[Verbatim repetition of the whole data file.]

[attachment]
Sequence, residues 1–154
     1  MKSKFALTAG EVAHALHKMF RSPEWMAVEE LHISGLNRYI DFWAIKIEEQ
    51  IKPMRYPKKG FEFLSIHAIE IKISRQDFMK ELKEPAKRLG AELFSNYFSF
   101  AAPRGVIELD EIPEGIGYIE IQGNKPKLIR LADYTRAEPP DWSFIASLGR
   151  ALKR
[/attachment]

Sequence, residues 1–154
     1  MKSKFALTAG EVAHALHKMF RSPEWMAVEE LHISGLNRYI DFWAIKIEEQ
    51  IKPMRYPKKG FEFLSIHAIE IKISRQDFMK ELKEPAKRLG AELFSNYFSF
   101  AAPRGVIELD EIPEGIGYIE IQGNKPKLIR LADYTRAEPP DWSFIASLGR
   151  ALKR